Terry Walton keeps the colour with chrysanths
These bright blooms will maintain their zingy displays until the hard frosts hit
The varied October weather has brought a flurry of activity to the allotment and in the dappled sunlight there’s been a constant glint of sunshine on ‘flashing’ spades. These are quickly transforming the once-green oasis to large lumps of brown earth, left for the winter weather to carry out its task of breaking it down into the perfect tilth.
A ll the colour is not lost, however, as us plot holders grow winter vegetables, and the turned ground is interspersed with rows of parsnip, swede, leek and cabbage. In addition, the growers of winter green manures have their plot broken up by large expanses of rich green growth. These mild days have transformed the rye grass and vetch mix into a green, misty covering and it’ll not be long before it becomes an African savannah, and a herd of wildebeest will appear!
This sward of green manure will protect my plot from autumn and winter ravages and will cling on to the soil’s nutrients. Not only that, the vetches are actively adding nitrogen to my soil daily, increasing its fertility to release into my hungry new crops next spring.
I can relax in the knowledge that all my hard work of increasing the nutrients in my soil won’t be washed away by the winter deluges that fall on my high hillside!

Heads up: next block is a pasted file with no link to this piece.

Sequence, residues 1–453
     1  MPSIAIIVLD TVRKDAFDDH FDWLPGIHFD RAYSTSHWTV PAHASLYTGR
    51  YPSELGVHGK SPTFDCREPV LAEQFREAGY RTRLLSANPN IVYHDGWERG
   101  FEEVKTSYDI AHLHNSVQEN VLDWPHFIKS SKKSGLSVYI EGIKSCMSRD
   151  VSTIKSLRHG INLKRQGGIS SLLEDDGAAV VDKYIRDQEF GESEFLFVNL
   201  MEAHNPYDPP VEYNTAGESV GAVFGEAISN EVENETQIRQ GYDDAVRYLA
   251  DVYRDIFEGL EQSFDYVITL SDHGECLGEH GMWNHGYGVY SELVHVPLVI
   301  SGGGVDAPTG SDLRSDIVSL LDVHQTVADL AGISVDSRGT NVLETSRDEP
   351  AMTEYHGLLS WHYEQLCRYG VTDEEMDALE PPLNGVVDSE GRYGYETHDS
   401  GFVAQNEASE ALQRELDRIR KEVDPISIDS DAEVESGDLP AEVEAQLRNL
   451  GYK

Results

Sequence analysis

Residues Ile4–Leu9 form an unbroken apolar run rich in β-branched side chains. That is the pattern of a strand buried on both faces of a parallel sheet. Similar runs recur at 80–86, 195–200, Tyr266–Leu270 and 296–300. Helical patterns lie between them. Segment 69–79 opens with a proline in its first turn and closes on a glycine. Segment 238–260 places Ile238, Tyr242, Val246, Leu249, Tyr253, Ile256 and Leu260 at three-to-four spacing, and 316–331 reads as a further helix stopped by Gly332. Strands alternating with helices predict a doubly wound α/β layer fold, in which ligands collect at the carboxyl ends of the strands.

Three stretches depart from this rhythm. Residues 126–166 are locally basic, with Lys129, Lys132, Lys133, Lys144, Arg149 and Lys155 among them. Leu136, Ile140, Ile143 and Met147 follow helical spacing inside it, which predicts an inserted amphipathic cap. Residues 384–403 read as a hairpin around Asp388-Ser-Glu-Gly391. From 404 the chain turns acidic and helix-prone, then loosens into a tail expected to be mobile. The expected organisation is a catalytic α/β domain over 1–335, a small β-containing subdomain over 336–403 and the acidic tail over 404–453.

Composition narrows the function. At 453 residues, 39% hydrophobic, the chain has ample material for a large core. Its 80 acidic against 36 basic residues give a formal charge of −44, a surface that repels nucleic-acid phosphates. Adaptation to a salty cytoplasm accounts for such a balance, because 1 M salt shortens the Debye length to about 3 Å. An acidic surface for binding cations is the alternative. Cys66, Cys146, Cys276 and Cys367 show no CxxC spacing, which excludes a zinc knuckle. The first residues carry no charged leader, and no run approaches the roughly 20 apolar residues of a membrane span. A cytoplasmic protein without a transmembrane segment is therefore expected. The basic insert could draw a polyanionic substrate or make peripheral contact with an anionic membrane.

On my plot there’s still an oasis of colour brought about by rows of chrysanthemums. The bright colours of red, orange, yellow and white ‘glow’ like fluorescent beacons in some of the dull, dank days of October. These are the perfect cut blooms and bring a little piece of the allotment into my home when bunches are spread around the house. They’ll continue to flower until the hardest frosts hit them, then they can be lifted and potted up to go into the greenhouse to produce next year’s plants. In the meantime, colourful bunches of flowers will bring the smell and colour of autumn into my home and leave me with a very happy wife!
At the bottom of the plot the vast amount of foliage from the rambling pumpkin is
dying back. Among all the leaves are three orange balls – my pumpkins are almost fully ripe! These will stay on the plant for another two weeks for the skins to harden before I sever them from the plant. No giant pumpkin this year to give away to a local charity, but instead one each for my grandchildren to carve into traditional Hallowe’en lamps. Who knows, I may be lured back into growing a ‘monster’ pumpkin again after a stressfree year of not having to look after one!
Pick of the bunch! My wife will be happy with this lot...
The rich growth of green manures